Always tell your doctor about any supplements you take. Dietary supplements are not regulated by the FDA, so buyer beware.
By Sally J. Feltner, PhD, RDN
Antioxidants are supposed to protect our cells from free radicals that are dangerous highly reactive molecules seeking a missing electron. In that process, cell and DNA damage can occur contributing to disease. Antioxidants are claimed to help prevent many chronic diseases thought to be due to this damage like heart disease, cancer, macular degeneration and others. However, there is a growing body of evidence that suggests antioxidant supplements may actually promote cancer and not prevent it as they are claimed to do.
Most dietary supplements that do not exceed the Daily Values are harmless, but it is a good idea to avoid any supplement that boasts vitamin and/or mineral content over 100% of the Daily Value. Keep in mind that the studies that showed potential harm used what is known as megadoses (those greatly exceeding 100% RDA.)
Antioxidant vitamins include: beta carotene (a form of vitamin A), vitamin E and vitamin C. The mineral selenium is also considered an antioxidant.
The notion that megadoses of beta carotene might be harmful comes from studies in 1994 that resulted in smokers given megadoses of beta carotene developed 18% more cases of lung cancer than those individuals in the placebo group. A subsequent study with men smokers or those exposed to asbestos reported 28% more lung cancer cases in the beta-carotene and vitamin A groups. See my previous post HERE.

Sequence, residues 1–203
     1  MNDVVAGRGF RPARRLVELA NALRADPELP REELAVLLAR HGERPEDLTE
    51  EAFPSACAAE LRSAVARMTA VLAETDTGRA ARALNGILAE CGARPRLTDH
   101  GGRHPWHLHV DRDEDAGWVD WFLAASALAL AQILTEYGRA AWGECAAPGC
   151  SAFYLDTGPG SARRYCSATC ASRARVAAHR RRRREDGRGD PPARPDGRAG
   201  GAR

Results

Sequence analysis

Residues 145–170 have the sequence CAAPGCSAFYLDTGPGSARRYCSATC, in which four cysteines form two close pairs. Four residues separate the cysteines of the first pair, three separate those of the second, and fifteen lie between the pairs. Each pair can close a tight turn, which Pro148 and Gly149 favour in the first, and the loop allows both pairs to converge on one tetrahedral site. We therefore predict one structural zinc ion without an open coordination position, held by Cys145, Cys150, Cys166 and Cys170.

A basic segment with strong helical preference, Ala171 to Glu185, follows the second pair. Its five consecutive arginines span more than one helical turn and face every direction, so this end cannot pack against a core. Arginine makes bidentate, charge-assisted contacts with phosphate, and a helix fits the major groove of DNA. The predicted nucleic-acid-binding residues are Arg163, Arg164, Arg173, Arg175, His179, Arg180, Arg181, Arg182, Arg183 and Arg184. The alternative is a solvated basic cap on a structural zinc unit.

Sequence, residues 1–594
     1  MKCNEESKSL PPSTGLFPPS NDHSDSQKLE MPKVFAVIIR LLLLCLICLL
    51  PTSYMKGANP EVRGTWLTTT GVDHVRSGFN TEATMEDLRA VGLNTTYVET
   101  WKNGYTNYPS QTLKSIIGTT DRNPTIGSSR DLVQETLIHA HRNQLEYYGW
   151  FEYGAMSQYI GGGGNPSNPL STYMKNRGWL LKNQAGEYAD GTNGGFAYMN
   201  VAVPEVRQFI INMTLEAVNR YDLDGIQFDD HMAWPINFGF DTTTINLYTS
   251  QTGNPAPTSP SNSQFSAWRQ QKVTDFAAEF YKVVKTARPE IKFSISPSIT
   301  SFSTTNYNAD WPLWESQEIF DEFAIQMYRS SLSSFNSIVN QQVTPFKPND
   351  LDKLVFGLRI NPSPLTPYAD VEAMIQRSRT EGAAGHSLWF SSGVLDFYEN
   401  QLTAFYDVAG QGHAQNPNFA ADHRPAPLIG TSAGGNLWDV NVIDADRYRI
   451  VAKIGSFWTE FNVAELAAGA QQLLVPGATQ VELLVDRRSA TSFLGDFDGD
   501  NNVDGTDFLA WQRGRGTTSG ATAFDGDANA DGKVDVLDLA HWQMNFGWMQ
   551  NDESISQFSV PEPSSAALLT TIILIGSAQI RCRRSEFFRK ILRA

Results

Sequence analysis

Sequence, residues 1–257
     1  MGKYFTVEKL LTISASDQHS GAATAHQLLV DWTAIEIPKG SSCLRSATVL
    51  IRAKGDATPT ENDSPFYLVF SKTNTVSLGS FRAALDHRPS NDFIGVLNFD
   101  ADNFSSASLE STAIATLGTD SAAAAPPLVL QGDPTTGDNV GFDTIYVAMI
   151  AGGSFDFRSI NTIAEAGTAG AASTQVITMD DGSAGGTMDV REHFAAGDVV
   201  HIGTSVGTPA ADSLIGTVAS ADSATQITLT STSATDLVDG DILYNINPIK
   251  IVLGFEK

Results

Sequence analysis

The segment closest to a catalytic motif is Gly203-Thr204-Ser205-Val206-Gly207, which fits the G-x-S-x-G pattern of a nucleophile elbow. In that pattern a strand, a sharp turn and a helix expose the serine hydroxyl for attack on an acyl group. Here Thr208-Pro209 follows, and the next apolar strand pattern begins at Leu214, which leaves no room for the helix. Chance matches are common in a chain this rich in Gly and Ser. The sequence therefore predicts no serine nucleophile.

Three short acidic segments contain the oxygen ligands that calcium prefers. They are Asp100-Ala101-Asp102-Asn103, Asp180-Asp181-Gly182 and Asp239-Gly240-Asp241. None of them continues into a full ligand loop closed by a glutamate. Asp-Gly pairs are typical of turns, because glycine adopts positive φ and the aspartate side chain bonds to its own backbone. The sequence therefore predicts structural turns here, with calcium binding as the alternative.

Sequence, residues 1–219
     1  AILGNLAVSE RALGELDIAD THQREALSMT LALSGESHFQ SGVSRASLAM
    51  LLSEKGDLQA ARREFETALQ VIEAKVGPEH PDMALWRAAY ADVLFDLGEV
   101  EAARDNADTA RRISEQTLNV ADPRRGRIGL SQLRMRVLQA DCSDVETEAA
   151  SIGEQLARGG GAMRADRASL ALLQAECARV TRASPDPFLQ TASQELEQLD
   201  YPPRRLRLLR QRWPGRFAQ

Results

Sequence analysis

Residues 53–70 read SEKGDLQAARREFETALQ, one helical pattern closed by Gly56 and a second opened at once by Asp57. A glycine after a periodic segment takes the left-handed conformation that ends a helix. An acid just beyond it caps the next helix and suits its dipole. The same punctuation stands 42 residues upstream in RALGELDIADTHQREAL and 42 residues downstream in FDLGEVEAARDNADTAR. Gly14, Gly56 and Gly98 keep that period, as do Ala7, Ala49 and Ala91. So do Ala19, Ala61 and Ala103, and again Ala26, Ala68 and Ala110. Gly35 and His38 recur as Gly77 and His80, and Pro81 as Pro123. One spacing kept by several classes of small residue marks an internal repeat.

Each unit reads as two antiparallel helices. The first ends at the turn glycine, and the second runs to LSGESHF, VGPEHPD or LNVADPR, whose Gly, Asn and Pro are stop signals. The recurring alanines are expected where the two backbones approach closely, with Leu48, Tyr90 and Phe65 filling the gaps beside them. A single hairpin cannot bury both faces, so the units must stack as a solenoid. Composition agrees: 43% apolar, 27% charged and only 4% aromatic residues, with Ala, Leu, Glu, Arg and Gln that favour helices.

More recently, a trial in 2011 with 35,500 men found that men older than 50 years of age had a 17% higher risk for prostate cancer when given large doses of vitamin E.
Due to these disturbing studies, conclusions point to the possibility that antioxidants at least at high doses may protect cancer cells from free radicals. A recent study gave the antioxidant N-acetylcysteine (NAC) to mice genetically susceptible to melanoma. In this case, the dose was similar to those found in human consumption of antioxidants. The treated mice developed more tumors in lymph nodes that suggested a higher rate of metastasis (spread of cancer).
In addition, they added NAC or vitamin E to cultured human melanoma cells and found that antioxidants aided the cell’s ability to invade nearby tissues (a sign of increased metastasis)
In a lung cancer study using antioxidant supplements, researchers found that they turned off the activity of a known tumor suppressor gene called p53. The protein encoded by the gene monitors cells for damage to their DNA. It can trigger DNA repair; stop cell division; and even cause cancer cells to commit suicide (apoptosis).
Cancer develops in three stages: initiation, promotion and progression. It is thought that antioxidant supplements do not initiate cancer cells but speed up the progression to malignancy of undiagnosed or already present cancer cells.
To give us an idea of the labels on some selected products at a popular health food store:
Beta Carotene is a form of vitamin A.
1 capsule provides 15 mg – 500% Daily Value.
Vitamin C 1000 mg.
! caplet provides 6667% Daily Value
Health Claim on Label: A protective antioxidant that provides immune support.
Vitamin E 1000 IU
1 capsule provides 3333% of Daily Value
Health Claim on Label: Helps support a healthy cardiovascular system
Some cancer researchers believe that people who are at a higher risk for lung cancer or melanoma or have any form of cancer should avoid antioxidant supplements. However, there is widespread evidence that eating fruits and vegetables can help lower the risk of heart disease and certain cancers. Do not fall for the hype of supplement sellers and manufacturers who ignore the science. The concept of the free radical theory of disease is a complex issue and should not be left to the interpretations of those who only take in the profits of possibly harmful products.